Back in the day, installing AV in a corporate environment was relatively simple. Integrators would show up, install a projection and sound system in a few meeting rooms, and the job was done. Today, the landscape of corporate installations has totally changed. These massive entities sprawl over entire campuses and are highly concerned about the experiences of employees and visitors—and they are loaded with AV, from lobbies with digital signage, to huddle rooms for impromptu meetings, to large auditoriums for all-hands meetings.
The challenge of the pervasiveness of AV is one familiar to Scott Walker, CTS-D, president, Waveguide. “AV is no longer relegated to just sound, video, and control in formal meeting spaces,” he said. “AV now encompasses digital signage, wayfinding, room scheduling, unified communications, sound masking, smart building controls, interior and exterior LED video walls, and much more. It’s not uncommon for a corporate campus AV package to include many hundreds of AV spaces valued in the tens of millions of dollars.”
From the Ground Up
“We need to be able to get into the project earlier” is a phrase often heard in the integration community. Architects will sometimes spec in particular products without realizing that product is not a fit for the space—and sometimes that product may even be obsolete. How can integrators and consultants prevent that from happening?
“Integration, by definition in business, is the process of attaining close and seamless coordination between several departments, groups, organizations, and systems,” said Michael Johnson, senior account executive, McCann Systems. “Integrators should not wait for these other key players to come to them; they should be proactive in attaining and maintaining these relationships.” Simply put, integrators should work their networks to be involved as early as possible and to ensure relationships with key players are “open and collaborative.”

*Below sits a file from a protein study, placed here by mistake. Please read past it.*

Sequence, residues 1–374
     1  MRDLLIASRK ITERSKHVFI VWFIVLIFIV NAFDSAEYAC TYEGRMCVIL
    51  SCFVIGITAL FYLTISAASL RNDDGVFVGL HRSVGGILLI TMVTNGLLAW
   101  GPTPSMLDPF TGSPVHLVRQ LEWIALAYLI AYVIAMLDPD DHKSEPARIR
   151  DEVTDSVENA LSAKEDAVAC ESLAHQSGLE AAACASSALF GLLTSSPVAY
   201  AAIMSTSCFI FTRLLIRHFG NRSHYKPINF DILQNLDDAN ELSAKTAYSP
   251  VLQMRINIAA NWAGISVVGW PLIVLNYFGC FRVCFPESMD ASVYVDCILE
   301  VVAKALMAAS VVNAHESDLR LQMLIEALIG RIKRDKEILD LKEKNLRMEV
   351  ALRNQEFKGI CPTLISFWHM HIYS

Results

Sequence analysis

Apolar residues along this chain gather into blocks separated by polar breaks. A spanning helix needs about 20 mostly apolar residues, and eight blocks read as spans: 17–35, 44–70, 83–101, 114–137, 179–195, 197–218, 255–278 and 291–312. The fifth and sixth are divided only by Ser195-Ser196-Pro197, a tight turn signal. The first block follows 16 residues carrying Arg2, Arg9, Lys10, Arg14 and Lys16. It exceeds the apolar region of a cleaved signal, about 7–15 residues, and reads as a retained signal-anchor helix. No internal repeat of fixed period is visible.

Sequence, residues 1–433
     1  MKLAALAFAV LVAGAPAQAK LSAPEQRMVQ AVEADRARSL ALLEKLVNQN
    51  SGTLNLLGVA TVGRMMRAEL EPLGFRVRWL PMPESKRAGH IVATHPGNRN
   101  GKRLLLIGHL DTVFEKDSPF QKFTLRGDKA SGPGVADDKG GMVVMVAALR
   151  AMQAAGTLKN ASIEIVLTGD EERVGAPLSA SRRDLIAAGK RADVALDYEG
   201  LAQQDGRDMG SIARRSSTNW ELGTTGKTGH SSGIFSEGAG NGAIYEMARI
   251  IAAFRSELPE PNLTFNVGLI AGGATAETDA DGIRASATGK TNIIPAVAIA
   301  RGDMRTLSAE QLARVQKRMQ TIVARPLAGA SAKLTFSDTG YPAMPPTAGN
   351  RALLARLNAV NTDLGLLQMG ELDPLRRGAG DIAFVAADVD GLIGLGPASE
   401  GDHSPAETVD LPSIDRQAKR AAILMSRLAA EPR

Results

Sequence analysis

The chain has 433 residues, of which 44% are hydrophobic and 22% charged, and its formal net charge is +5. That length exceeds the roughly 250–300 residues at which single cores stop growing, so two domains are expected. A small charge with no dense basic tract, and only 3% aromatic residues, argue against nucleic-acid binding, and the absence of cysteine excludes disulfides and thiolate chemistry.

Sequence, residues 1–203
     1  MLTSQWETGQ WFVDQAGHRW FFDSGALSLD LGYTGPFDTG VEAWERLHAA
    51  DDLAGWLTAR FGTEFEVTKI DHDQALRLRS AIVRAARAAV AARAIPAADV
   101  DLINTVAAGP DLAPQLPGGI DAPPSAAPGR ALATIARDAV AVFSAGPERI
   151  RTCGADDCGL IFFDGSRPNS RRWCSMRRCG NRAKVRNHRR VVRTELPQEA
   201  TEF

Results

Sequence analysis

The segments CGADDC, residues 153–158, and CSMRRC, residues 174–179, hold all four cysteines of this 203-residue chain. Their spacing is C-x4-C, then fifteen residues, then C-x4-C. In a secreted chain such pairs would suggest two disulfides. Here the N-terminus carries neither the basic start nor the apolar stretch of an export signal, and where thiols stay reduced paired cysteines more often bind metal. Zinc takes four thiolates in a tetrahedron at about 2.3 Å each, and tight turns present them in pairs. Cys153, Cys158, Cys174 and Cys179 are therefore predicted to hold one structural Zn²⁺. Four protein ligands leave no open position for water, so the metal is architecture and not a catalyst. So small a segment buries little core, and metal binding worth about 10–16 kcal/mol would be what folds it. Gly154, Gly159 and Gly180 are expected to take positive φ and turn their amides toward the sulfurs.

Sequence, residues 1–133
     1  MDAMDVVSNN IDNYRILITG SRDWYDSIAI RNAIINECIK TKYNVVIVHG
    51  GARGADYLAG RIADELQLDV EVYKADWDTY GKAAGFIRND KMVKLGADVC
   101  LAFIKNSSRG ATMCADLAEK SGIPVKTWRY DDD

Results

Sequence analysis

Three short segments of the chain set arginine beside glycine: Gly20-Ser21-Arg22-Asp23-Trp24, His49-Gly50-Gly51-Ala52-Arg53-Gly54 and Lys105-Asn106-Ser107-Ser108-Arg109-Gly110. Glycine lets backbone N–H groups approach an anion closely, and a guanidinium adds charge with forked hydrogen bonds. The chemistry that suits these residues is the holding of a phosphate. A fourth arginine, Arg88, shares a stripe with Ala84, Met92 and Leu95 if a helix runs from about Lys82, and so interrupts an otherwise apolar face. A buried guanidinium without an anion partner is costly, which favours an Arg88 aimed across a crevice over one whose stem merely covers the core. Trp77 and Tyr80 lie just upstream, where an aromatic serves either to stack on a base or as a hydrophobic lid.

Another aspect to focus on, according to Walker, is educating everyone involved. “While consultants should always strive to have healthy relationships with architects and space planners and remain humble in understanding the vision these designers have for the project, ultimately, it is our responsibility to stand up for the functional aspect of the corporate campus,” he said. “The owner is building this campus to do the business of the organization. Yes, the campus needs to be visually appealing, but it needs to function too.
“Physics always wins, and while there are always better and better tools being developed to overcome some physical challenges, designing the campus upfront for long-term success is better than hoping there will be some magic technology by opening day that will overcome excessive reverberation, too much ambient light, too low of a ceiling for good sightlines to a properly sized image, etc.”
Bringing facts and science-based evidence to the table before decisions are made by architects and clients helps, too. Walker said that this approach could even save the client significant money by not having mistakes to fix after opening day.
The New Normal
Office life has changed over the past few years. No longer does an employee come in, sit at the same desk every day, and leave at 5 p.m. on the dot. There are permanent work-from-home positions, sales reps on the road, or those who hotdesk. No matter what the situation, corporations need all employees to have access to clear communications—and be plugged into the latest and greatest AV technology, of course.